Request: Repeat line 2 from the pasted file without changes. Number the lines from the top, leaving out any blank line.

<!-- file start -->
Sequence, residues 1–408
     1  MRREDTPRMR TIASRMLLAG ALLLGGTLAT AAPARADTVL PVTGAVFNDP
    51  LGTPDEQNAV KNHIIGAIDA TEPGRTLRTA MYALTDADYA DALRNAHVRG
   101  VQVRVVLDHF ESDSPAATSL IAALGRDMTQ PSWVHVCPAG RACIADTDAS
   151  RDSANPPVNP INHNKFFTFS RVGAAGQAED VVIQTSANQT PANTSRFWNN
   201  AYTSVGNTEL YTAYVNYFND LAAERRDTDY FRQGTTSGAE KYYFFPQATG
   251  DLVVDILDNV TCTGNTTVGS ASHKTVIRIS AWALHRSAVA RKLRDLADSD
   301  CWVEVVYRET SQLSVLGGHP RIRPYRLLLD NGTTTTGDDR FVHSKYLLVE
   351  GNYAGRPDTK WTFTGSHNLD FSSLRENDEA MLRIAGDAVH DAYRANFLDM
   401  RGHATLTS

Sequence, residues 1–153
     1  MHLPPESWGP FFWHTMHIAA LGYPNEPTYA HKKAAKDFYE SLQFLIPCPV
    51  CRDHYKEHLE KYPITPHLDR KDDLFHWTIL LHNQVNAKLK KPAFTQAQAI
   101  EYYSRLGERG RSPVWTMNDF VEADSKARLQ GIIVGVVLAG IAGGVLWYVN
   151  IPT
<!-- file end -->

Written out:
     1  MRREDTPRMR TIASRMLLAG ALLLGGTLAT AAPARADTVL PVTGAVFNDP